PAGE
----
Video: Woman Addresses Alleged Sexual Abuser During Mormon Church Testimony

While delivering her testimony at a service for The Church of Jesus Christ of Latter-Day Saints in Arizona, McKenna Denson spoke about being raped nearly 30 years ago and called out her alleged abuser, who was in the room.

In a video posted on Facebook, Denson, who lives in Colorado, began her testimony on Sunday with a quote by British parliament member Edmund Burke and stated, "The only thing necessary for evil to triumph is for good men to do nothing."

Denson then told attendees of the service that Joseph Bishop, who was sitting with his son Steven at the time, allegedly raped her in the basement of the Missionary Training Center (MTC) in 1984 while he was president.

At this point in her speech, a man approached her, put his arm around her shoulder and whispered that he'd like to talk to her afterward but right now, she had to sit down. Denson continued to try to deliver her speech and called for accountability as another man approached her on the other side. When the men tried to nudge her from the podium, she told them they were assaulting her and advised them to call the police.

"In order to keep the church safe we need to hold sexual predators accountable whether they are pedophiles or whether they are rapists like Joseph Bishop," Denson said as she was escorted away from the podium.

A second video posted on Facebook showed Denson approaching Steven outside of the church and she said, "Your dad raped me at the MTC." When Steven told her, "yeah right," she advised him to listen to the audio.

The audio she was referring to was a leaked audio recording of Bishop that was posted on the MormonLeaks website, which has Bishop, now 85, apologizing to Denson for his actions, although never fully admitting to the specific abuse. Newsweek reached out to Denson but did not receive a response in time for publication.

Woman accuses man of sexual abuse during testimony at mormon church
McKenna Denson told attendees of a worship service at a Mormon Church that one of the men in the audience raped her while he was president of the Missionary Training Center. @NewNameNoah/Facebook

Eric Hawkins, a church spokesman, said in a statement to KTSU that members are able to share their testimony once a month in a specific service. Hawkins called it "disappointing" that Denson would use the worship service to bring attention to her personal cause.

"Recording and posting of these disruptions on social media to seek public attention and media coverage, sadly, shows an unfortunate lack of respect for others," his statement said. "We respectfully request that those with personal grievances find other means to communicate their messages than disrupting the sanctity of a worship service."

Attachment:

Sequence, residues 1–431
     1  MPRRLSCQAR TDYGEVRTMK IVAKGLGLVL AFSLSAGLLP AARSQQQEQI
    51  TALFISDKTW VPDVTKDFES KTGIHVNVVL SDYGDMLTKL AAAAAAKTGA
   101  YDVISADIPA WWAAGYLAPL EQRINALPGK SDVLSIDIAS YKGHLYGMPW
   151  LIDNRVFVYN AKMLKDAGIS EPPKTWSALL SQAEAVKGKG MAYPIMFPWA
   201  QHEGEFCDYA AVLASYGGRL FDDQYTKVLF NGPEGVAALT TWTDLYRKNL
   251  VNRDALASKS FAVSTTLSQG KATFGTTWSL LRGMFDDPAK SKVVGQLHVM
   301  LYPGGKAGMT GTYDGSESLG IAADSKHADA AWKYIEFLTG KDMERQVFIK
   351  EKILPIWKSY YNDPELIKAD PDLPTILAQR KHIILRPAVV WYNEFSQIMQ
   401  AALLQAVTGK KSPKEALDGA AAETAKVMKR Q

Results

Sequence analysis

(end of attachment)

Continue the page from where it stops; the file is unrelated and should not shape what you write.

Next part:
At 21, when she was training at the MTC, Denson told ABC News that Bishop began to single her out and the two would have one-on-one conversations that usually turned sexual in nature. Allegedly under the guise of visiting a spot where he went to pray, she joined Bishop in the basement, where he tore her blouse open, pulled down her undergarments and raped her.

In 1987, three years after the alleged assault occurred, she went to a bishop at the Mormon Church and told him what happened. He told her he would investigate it, but during Denson's conversation with Bishop, he said no one ever asked him about it.

woman addresses sexual abuse mormon church
Protesters demand that the Mormon Church change their policy of doing "Worthiness Interviews" with children that may involve sexual matters. McKenna Denson, who is currently suing the church over her own alleged sexual abuse, is hoping that her story will affect a policy change so children aren't alone with church leaders. George Frey/Getty Images

"We're taught in the Church, we don't go to the police, we go to the bishop, we go to the stake president," Denson explained to ABC News. "Trusting that, and obeying that and believing that that's the reason why I didn't go to the police all those years ago. It was never suggested to me that that would be appropriate. So I went through the church for three decades."

In 2017, Denson went to the Brigham Young University Police to report the sexual assault and while officers questioned Bishop, he admitted that in 1984 he took a woman into a small room on the MTC campus and asked to see her breasts, The Salt Lake Tribune reported.

Denson filed a lawsuit against Bishop and the church in April but had the majority of her claims dismissed by U.S. District Judge Dale Kimball in August because they fell outside of the statute of limitations, according to The Salt Lake Tribune. Given the time of the alleged assault, Denson had to file suit by 1988 for sexual assault and by 1991 for her claim of emotional distress being inflicted.

However, the judge ruled that the statute of limitations for her claim of fraud against the church didn't begin until 2017 when she interviewed Bishop and learned that there were other cases of alleged abuse. Denson asserts in her suit that the church committed fraud by placing Bishop in charge of the MTC despite seeing red flags of sexual misconduct years earlier.

Denson hopes that by coming out publically with her story now, she can help affect change within the church, predominantly by making it unacceptable for priesthood leaders to have one-on-one meetings. Had that policy been in place when she was at the MTC, she told ABC News that she believes none of this would have happened.